Analysis So. The £1,000 iPhone X was not an aberration – Apple wants it to be the new normal. A grand is the new "mid-range".
Yesterday Apple discontinued its budget iPhone SE and unveiled new models costing £1,500. Since relatively few people switch between platforms, Apple's growth relies in part from making more money from people who already have an iPhone.
That doesn't just mean more phones with a higher margins – but selling peripherals like AirPods and Watch, and upselling Apple services. The latter now generates almost £10bn a quarter, growing a third year-on-year, which offsets stagnating hardware unit sales*. We didn't hear about Apple's much-anticipated Netflix rival service yesterday, but the new fourth-generation Watch impressed. Thanks largely to Apple's chip division, Watch 4 demonstrates a staggering technology lead on rivals.
What had been billed as the "Chinese iPhone", the 6.1-inch iPhone XR, is more of a surprise than the revamped X, now bifurcated into large and larger ("Max") models. The XR is dual SIM – although one is an eSIM slot. The "Chinese" label led some to believe it would be aggressively priced, but really it's similarly priced to the regular 4.7-inch iPhone 8 – where Apple believes the sweet spot will be. It starts at £749 (64GB), £799 (128GB) or £899 (256GB).
(Remember that the iPhone 8 was Apple's best-selling phone in May. iPhone 8 prices started at £699 or £849.)
Some owners of older models will revel in the XR's larger display as a natural upgrade. If you don't wear spectacles, Face ID can be a great convenience. Yet look at the comparison with Android rivals. Incredibly, the XR still has a sub-HD display. At 828 x 1,792 pixels its density is identical to the 750 x 1,334 iPhone 8 at 326ppi.
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And there are missing features. Not just the audio port, which disappeared in 2016, but 3D Touch has now been removed. This was poorly supported, even by Apple's applications, but it had one great use as editing aid on Apple's built-in keyboard. So there are compromises.
Will the XR spur a "supercycle"? Perhaps in China – but it's hard to see it tipping Western markets either way.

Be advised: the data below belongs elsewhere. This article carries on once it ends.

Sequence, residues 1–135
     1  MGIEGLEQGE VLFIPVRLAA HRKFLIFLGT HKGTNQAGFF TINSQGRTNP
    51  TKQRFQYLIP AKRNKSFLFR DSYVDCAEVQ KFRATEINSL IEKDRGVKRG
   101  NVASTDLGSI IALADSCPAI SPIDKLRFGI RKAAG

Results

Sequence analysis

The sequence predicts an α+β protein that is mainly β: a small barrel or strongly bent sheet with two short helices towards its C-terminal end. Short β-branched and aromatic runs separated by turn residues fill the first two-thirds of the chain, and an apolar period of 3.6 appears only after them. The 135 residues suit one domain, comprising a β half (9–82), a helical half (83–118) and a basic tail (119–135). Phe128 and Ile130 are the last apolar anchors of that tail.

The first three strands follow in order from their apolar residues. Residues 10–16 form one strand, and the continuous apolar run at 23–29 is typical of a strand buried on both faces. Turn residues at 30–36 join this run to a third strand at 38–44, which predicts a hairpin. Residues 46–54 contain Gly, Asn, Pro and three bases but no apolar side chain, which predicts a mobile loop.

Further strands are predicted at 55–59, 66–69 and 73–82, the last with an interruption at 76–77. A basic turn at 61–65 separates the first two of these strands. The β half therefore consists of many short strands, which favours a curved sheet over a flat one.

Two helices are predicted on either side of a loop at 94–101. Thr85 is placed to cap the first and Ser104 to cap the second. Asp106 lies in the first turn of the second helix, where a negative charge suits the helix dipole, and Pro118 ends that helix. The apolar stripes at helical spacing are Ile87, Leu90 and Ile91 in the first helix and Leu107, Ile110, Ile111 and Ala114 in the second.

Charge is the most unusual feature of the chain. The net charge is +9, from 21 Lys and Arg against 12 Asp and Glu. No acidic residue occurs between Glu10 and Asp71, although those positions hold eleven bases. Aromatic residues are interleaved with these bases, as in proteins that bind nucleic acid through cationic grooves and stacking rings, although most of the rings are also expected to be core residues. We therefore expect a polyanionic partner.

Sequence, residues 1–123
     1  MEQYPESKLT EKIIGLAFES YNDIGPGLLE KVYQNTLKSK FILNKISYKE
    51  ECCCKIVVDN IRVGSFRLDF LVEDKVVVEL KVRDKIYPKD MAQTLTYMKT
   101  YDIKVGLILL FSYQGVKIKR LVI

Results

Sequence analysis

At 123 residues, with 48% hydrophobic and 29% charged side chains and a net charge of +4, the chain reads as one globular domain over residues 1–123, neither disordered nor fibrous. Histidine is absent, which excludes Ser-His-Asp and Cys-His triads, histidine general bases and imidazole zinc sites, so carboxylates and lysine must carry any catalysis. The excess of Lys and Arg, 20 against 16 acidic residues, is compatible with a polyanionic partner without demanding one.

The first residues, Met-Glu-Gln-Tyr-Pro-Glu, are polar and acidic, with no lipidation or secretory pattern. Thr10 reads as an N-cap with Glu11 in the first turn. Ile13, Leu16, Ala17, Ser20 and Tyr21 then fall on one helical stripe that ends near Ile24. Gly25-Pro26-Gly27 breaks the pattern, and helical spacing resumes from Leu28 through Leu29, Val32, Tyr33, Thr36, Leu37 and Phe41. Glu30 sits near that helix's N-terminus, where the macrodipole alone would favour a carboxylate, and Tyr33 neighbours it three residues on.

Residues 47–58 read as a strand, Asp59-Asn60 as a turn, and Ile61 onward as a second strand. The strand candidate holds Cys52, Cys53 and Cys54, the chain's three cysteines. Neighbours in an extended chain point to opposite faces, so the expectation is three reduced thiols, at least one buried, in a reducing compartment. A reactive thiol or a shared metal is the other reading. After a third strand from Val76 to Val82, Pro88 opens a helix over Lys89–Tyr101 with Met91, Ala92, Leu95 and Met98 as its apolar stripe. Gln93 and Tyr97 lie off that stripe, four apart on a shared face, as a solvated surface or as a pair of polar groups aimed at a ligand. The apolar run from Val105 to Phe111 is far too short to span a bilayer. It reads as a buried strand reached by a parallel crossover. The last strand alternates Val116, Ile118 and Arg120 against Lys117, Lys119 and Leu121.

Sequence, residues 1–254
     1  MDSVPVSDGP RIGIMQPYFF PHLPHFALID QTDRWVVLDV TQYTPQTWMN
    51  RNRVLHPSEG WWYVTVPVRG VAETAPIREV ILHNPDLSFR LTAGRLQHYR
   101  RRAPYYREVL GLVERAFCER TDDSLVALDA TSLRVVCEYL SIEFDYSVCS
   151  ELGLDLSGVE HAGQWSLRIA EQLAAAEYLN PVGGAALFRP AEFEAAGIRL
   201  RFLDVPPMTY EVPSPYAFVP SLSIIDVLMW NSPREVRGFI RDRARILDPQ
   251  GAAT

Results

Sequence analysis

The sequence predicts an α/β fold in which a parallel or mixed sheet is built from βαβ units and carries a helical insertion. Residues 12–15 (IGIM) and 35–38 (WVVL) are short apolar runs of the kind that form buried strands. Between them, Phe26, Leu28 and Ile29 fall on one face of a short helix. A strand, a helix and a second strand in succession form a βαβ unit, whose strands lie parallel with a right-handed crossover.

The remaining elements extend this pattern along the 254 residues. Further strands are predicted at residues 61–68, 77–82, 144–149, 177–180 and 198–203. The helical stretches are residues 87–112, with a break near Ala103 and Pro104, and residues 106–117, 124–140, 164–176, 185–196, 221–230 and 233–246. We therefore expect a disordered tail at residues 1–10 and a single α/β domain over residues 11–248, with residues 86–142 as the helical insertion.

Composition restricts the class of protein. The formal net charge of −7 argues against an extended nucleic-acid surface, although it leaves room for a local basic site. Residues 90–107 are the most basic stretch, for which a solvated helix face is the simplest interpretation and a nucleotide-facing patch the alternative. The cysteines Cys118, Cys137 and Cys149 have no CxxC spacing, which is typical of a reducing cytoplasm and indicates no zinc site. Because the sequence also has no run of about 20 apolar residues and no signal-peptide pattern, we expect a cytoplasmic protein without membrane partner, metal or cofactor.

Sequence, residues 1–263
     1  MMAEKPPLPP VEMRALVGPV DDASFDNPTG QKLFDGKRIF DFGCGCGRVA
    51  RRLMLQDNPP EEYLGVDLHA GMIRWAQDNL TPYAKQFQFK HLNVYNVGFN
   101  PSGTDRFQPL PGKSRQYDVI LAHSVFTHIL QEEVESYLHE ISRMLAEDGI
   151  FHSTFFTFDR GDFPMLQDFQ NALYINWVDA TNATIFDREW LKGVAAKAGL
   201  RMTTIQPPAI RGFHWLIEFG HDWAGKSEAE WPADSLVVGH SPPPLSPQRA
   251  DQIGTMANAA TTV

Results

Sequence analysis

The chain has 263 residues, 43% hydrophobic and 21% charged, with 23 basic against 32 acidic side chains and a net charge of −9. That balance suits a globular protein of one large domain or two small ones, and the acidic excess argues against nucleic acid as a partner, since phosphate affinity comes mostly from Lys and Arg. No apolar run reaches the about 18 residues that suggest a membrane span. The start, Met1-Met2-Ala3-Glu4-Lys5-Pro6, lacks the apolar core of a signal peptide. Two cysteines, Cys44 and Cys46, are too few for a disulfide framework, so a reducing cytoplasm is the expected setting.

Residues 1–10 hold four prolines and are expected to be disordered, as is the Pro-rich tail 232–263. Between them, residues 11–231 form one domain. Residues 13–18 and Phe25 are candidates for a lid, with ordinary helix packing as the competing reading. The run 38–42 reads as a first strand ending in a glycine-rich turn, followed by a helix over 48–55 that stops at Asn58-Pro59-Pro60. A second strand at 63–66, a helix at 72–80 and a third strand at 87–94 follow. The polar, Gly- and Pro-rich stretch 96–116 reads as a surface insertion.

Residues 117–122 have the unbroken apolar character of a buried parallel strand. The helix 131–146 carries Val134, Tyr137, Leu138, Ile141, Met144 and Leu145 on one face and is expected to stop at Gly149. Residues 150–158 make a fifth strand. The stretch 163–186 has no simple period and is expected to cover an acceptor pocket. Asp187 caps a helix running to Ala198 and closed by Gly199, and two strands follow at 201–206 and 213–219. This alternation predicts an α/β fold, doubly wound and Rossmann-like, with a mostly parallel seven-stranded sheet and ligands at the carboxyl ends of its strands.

More aggressive pricing for older and less capable models might have brought owners of ancient iPhones into stores, but here Apple shows no sign of wishing to expand the installed base at the expense of profit margin. The much-loved iPhone SE was officially wiped out yesterday, disappearing from the Apple Store. The 4-inch marvel gave people plenty of Apple iPhone but in a very convenient little package – packing modern tech into 2013's iPhone SE chassis. Rumours have abounded that Apple was serious about an SE 2, but there was no sign of it at the Event yesterday. The iPhone 7 and 8 remain on sale – the entry-level 7 32GB starts exactly where the 128GB SE left off at £449.
See what I mean about the "new normal"? The X has disappeared completely, while the XS Max will cost £1,099 for a paltry 64GB with a 256GB option at £1,249, and a 512GB option at £1,499. Note that there's no 128GB option.
As ever last year's model – refurbished with a warranty, acquired through a reputable third party – represents the best way of getting into (or staying with) the Apple ecosystem.
The first Watch redesign since 2015 is a triumph for Apple's silicon division. Earlier this week Qualcomm released its first new smartwatch chips in almost three years – but using an ancient 28nm process. Apple's phones and wearables are built on a 7nm process, allowing a bigger battery and more sensors to squeeze into that space.
The Watch itself has got larger at 40mm and 44mm, following on from 38mm and 42mm – but promises 32 per cent more display area. So there's room for ECG monitoring, for example. It's now 64bit. It's a serious "pivot" to health. This is one area where Apple remains relatively restrained with its pricing. Watch Series 2 has disappeared and Watch 3 starts at £279 (38mm) or £309 (42mm).
no love lost between Apple and Qualcomm on THAT one, eh. pic.twitter.com/ApM9OZC6SR— AAPL Tree (@AAPLTree) September 12, 2018
All in all, the iPhone continues to be an experiment in pricing. How high can we go? Pretty stratospheric, it seems. But remember, Android rivals hoping to raise their margins correspondingly, the iPhone remains the ticket into the Apple ecosystem. Samsung and Google don't have one as attractive to match. And unlike Willy Wonka, Apple doesn't give the Golden Ticket away for free. ®
*iPhone revenue is up 20 per cent year-on-year with unit growth of just 1 per cent. A quarter earlier, we saw the X effect as ASP rose from 628 to 728.